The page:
For weeks, the war between Schaumburg, Ill.-based Motorola and maverick investor and corporate raider Carl Icahn, who owns nearly 3 percent of the company’s shares and last year waged a proxy war against its board of directors, has been escalating.
On Thursday, Motorola announced that it would explore structural and strategic realignment of its businesses to enhance shareholder value.
It also said it will not discuss its exploration of various alternatives “unless or until its board of directors has approved a definitive transaction or the process is otherwise complete,” adding that Motorola is not committing to do anything, or indicating the timing of any action — if it does take action.
Where’s the Beef?
Motorola is a global Fortune 100 company that reported US$36.6 billion in revenue last year. It has a diverse portfolio of products including communications infrastructure, enterprise mobility solutions, digital set-tops, cable modems, mobile devices and Bluetooth accessories.
Just about every police and fire department and ambulance service uses Motorola two-way radios.
In January, Motorola’s enterprise mobility business announced the CA50, a voice over Internet protocol (VoIP)-enabled wireless scanner, at the National Retail Federation Annual Conference and Expo in New York.
That was on the heels of its acquisition of Symbol Technologies for $3.9 billion last year.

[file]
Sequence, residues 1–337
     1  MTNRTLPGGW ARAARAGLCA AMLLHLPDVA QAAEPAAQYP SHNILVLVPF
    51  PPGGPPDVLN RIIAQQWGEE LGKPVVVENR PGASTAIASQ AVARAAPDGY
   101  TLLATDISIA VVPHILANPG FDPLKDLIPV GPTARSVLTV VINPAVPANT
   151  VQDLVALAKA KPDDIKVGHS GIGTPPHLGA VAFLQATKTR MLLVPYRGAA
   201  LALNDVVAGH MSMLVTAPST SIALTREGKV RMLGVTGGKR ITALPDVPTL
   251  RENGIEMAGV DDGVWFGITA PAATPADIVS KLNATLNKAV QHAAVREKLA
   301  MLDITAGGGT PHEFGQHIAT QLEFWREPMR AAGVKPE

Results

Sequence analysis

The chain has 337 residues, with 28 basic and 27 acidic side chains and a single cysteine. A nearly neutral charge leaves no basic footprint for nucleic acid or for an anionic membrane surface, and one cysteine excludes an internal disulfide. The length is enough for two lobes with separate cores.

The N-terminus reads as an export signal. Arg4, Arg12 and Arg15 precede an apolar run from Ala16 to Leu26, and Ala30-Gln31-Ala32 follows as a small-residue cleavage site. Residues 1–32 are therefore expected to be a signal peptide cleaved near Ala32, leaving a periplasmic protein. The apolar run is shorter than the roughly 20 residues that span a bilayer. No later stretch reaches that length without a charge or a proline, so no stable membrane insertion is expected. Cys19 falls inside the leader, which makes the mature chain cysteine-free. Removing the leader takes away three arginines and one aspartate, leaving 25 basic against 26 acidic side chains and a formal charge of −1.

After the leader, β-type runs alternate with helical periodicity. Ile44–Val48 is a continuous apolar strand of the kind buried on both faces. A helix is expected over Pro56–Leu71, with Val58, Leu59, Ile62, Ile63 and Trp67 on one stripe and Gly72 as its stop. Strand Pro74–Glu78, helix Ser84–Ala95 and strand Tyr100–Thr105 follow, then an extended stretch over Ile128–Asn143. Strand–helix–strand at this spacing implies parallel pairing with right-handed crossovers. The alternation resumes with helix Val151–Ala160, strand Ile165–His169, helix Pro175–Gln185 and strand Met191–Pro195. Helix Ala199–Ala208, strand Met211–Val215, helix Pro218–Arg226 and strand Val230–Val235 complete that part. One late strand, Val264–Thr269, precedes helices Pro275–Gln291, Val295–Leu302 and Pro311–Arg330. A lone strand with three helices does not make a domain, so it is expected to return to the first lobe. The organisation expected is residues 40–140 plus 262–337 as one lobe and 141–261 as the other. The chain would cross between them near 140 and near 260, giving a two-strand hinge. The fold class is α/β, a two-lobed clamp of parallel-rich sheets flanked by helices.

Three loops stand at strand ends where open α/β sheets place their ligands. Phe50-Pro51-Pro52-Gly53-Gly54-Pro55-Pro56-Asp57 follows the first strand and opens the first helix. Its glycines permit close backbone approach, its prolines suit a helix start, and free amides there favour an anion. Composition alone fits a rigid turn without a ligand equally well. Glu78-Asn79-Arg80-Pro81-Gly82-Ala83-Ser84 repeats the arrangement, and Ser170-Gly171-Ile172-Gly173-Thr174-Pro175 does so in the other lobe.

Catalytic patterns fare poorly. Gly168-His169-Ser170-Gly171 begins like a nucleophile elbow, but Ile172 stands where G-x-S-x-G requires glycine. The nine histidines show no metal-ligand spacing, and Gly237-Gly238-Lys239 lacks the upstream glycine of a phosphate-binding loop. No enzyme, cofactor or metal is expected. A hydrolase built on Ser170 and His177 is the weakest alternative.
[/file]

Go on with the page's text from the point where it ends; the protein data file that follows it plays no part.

Forgetting the Bottom Line
Motorola made a killing with its Razr cell phone line, but fell asleep at the controls after that, while competitors came up with killer new products.
“They tried to ride the Razr train and took their eye off innovation and design. [They] did great for about two years, but rode it too long,” Ryan Reith, senior analyst with IDC’s worldwide mobile phone tracker unit, told the E-Commerce Times.
Motorola failed to keep an eye on the bottom line.
“Their former CEO, Ed Zander, said their goal was to stop chasing market share and refocus on profitability, but they were saying this and not doing it in 2007,” Reith said. “They started to lose sight of cost-structuring, and that’s why they fell.”
However, Motorola’s new CEO Greg Brown will help the company “regain profitability and respect in the financial world,” predicted Reith.
Motorola’s handset business “would be a pretty enticing offering for companies looking to build out their mobile device platform,” Reith said.
There is speculation that Dell might be a suitor, because “Ron Garriques, who used to be a big part of Motorola, went over to Dell over a year ago,” he pointed out. There are also rumors about “a few Chinese vendors looking at the Motorola business unit.”